His father bought a small farm and grew strawberries and vegetables, and had a few cows. A skilled carpenter, he also built houses and barns for locals. His mother had another son in 1934, named Wilhelm, and she cared for Jacob around the clock.

As a child, Henry took odd jobs, such as working in the sugar-beet fields or picking raspberries all day. And he was competitive, hoeing rows of hops faster than the other boys. He put off high-school graduation for several years, to help his parents.

He later obtained a master’s degree in psychology and then took a job at the Woodlands psychiatric hospital in New Westminster, where Jacob had once been treated for a few weeks when mother became ill. He worked there for 17 years.

It seemed to Mr. Battison that Henry’s posting at the hospital was his way of making it up to Jacob, who died at age 20. “His brother’s illness made a huge impact on him,” says Mr. Battison.

Henry and Mary’s retirement goal was simple: build a portfolio that would generate revenue in perpetuity, to help those with hardship. They seldom sold a property, and if they did, it would get reinvested. They’d consolidated all their holdings in B.C., and whoever took them over had to follow the same mandate.

“It had been a point of discussion for quite a number of years,” explains Wayne Bremner, executive director of MCC BC, the same group that helped the Rempel family get to Canada.

The Mennonite Central Committee was founded in 1920 in Chicago, with the mandate to provide disaster relief and peacebuilding around the world, including refugee assistance. The organization helps vulnerable refugees, regardless of religion, nationality or ethnicity.

“In 2010, they called and asked if MCC would be the beneficiary of their estate, with the understanding that we would hold those properties as revenue generating assets – similar to an endowment,” Mr. Bremner says.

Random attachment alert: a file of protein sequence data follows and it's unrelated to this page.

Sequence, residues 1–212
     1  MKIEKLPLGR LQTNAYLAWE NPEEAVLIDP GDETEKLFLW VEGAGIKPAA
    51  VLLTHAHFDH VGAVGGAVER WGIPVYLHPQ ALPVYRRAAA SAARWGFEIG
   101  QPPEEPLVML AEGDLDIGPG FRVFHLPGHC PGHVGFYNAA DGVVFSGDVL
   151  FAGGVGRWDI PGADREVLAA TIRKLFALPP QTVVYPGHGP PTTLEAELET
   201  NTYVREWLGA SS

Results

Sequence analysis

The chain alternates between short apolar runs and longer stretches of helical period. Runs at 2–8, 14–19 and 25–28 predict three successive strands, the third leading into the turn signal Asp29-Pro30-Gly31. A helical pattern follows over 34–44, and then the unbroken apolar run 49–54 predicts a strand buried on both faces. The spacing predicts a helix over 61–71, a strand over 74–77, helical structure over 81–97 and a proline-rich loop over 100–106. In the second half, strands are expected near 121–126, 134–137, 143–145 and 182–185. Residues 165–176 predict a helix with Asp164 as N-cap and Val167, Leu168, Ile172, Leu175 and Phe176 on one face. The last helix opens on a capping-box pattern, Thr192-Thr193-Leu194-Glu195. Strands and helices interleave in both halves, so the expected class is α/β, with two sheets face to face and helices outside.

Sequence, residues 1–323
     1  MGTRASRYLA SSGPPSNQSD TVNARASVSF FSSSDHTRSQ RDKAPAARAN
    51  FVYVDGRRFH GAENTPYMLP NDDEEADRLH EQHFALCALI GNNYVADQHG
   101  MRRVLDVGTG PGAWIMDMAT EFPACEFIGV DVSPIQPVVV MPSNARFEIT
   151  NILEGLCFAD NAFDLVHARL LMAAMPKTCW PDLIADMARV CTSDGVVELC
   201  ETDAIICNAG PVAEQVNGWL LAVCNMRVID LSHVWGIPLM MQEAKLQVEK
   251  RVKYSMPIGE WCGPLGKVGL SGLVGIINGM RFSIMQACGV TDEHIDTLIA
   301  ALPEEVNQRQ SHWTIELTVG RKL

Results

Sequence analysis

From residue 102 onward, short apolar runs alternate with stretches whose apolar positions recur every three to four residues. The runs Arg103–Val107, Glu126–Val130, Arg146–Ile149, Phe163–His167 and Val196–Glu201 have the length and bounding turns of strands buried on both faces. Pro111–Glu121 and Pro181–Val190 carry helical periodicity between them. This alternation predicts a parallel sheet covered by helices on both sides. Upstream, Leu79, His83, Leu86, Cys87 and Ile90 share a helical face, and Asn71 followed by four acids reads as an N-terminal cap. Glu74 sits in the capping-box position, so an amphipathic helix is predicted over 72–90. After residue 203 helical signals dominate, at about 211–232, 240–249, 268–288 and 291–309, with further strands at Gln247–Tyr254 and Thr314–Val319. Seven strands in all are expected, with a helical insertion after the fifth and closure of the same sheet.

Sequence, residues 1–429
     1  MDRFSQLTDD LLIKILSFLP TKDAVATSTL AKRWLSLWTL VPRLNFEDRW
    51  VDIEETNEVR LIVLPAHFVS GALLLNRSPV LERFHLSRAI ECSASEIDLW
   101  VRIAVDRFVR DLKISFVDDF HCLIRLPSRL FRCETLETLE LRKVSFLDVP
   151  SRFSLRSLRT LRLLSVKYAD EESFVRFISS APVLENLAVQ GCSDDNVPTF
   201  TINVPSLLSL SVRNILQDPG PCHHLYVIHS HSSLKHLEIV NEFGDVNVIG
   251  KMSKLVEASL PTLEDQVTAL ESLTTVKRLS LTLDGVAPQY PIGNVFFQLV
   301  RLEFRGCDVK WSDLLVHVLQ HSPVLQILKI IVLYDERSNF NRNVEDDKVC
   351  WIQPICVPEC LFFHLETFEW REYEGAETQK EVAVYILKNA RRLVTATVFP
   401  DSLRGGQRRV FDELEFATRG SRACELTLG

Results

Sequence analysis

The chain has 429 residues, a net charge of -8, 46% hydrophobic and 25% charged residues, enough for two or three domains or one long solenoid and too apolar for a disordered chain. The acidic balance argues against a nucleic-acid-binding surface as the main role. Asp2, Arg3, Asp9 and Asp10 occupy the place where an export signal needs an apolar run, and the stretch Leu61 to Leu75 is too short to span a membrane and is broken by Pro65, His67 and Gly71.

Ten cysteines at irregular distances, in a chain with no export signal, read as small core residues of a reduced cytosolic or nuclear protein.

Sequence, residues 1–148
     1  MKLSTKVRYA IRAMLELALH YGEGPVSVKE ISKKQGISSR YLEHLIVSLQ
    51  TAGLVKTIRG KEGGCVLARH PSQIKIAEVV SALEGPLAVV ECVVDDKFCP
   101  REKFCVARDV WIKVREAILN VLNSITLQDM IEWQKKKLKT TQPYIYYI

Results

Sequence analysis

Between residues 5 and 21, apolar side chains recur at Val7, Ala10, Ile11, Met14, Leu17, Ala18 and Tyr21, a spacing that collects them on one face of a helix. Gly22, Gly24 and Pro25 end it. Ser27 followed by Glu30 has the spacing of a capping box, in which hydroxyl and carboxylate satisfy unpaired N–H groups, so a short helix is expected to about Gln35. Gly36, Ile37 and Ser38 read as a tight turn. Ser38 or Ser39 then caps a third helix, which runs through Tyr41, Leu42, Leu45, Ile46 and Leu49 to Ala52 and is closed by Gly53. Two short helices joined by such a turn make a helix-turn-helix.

“We would have known generally they had rental property and land. We didn’t know the full scope at the time.

“My answer at the moment was, ‘I think we could do that.’ ”

With a Mennonite network at the ready, Mr. Bremner pulled together a committee with legal and financial expertise to form a charity.

Two years later, the couple made their first donation, a pair of apartment buildings with 250 units in Prince George and 32 acres of land in Parksville, a package worth about $17-million, he estimates.

A developer who had also fled southern Russia in his youth offered to volunteer his services and went on to develop the Parksville acreage into a successful single-family-home project.

A year later, the Rempels donated acreage in Chilliwack, worth about $20-million.

MCC BC then formed HyLand Properties, to oversee the holdings. Mr. Bremner believes the couple was testing the waters with those initial donations, making sure that MCC was the right collaborator.

Revenue from the Rempels’s gift will go toward helping millions of people, says Mr. Bremner, including Ukrainians and displaced people in South Sudan, for example. The Rempels had gifted a significant amount of cash early on to helping African communities deprived of clean water.

“Both knew what it was like to be poor and have a hard life and be fleeing,” says Mr. Bremner. “So that’s where they wanted their contributions to go.”